The product is similar to Microsoft Surface Studio launched in November, though it is not by any means an all-in-one PC. Rather, it is designed to be used with a primary input display preferably 27-inches or larger during the creative workflow process.
Just like its competitor, Dell has also included a haptic feedback dial for easier drawing, painting, drafting and editing. On the other hand, Dell’s dial is called a “totem”, yet it functions identically with Microsoft’s tool.
The Canvas 27 is capable of rendering 100 percent of the Adobe RGB color space, making it ideal for photographers, graphics designers and video editing. The surface is matte rather than glossy, giving it more of a paper-like feel while writing and drawing rather than the feel of smooth glass. In addition, the input device will make full use of the latest Windows 10 Creators Update in a sign that Microsoft is willing to work with the company in the success of its own creative workflow device.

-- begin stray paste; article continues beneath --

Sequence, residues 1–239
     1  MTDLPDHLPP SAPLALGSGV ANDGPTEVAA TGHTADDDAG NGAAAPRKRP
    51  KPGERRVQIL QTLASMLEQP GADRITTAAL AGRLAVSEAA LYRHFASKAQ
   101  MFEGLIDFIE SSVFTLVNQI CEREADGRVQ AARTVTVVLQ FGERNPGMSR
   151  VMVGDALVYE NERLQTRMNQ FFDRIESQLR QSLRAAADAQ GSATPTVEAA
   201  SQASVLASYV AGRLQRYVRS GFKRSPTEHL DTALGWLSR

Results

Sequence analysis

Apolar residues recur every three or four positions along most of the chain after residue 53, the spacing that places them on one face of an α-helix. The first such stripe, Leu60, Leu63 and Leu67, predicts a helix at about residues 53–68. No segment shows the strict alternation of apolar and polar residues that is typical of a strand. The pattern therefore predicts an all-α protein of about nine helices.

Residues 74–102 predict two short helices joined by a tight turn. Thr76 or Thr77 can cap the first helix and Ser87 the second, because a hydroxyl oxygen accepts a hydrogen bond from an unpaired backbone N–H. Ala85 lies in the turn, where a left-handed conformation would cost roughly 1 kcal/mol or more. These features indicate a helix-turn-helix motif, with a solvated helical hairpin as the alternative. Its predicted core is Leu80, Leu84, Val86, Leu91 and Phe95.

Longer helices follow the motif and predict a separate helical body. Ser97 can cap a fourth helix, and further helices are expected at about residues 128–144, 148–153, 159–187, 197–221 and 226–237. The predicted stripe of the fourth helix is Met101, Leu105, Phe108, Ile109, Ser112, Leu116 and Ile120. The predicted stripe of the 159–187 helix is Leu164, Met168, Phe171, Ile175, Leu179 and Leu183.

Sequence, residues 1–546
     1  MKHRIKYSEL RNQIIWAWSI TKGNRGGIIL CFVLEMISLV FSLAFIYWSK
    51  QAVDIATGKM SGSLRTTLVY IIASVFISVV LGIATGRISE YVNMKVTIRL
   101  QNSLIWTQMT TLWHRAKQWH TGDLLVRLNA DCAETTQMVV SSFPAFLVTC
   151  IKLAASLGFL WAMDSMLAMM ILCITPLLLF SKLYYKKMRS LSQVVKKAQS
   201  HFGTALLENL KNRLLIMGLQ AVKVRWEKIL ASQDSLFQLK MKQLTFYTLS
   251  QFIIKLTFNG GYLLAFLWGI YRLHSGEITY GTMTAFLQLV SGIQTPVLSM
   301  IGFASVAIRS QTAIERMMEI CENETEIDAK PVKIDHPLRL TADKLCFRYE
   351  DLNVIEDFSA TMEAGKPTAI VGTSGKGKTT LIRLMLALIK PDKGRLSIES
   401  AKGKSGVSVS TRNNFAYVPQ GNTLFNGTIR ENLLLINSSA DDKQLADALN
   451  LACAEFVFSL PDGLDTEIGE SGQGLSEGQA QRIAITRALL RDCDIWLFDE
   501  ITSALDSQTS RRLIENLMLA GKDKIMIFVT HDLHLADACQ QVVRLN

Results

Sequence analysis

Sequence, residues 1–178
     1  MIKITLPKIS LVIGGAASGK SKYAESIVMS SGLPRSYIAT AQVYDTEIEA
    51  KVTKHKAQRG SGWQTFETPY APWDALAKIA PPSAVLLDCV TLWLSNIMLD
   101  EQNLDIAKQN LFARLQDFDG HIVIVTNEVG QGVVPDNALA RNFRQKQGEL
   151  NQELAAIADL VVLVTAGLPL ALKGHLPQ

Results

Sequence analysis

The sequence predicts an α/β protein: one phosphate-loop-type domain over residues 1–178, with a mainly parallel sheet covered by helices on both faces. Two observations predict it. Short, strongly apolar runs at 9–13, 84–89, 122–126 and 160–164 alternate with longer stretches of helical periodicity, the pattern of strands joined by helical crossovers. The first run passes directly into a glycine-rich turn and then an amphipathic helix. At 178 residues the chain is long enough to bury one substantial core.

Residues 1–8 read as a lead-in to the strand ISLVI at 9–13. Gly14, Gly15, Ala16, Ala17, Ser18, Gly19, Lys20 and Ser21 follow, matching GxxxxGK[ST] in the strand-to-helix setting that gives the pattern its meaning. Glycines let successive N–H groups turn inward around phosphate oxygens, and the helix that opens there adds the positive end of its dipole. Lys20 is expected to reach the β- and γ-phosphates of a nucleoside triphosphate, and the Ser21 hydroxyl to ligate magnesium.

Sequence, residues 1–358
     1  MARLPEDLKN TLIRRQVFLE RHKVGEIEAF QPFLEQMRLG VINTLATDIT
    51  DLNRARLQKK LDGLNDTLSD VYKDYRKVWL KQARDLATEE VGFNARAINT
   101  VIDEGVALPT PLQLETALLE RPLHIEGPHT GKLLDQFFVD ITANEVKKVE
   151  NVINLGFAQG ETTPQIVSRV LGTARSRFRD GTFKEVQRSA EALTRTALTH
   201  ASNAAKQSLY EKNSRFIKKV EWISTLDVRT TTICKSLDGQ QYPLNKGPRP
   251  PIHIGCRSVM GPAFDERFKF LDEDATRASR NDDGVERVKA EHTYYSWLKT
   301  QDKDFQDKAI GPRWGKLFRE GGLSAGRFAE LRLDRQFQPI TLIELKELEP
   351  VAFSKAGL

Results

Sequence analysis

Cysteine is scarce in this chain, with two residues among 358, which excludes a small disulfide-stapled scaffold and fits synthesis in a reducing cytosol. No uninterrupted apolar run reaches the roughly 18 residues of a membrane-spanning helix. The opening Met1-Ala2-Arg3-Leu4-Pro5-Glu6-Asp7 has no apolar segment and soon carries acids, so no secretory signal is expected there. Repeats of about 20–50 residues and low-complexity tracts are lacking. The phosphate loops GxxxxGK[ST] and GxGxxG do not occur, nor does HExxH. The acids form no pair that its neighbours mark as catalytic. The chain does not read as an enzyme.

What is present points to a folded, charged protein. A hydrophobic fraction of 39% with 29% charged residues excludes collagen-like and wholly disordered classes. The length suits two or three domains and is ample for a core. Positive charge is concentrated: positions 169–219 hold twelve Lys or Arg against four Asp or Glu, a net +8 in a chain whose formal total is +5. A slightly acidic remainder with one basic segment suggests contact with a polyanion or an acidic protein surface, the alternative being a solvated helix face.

Dell plans to launch the Canvas 27 later this year, though the price has not yet been announced. Some early estimates put it around $1,500, which would be half the cost of Microsoft’s Surface Studio, with the exception of only being an input device rather than all-in-one PC.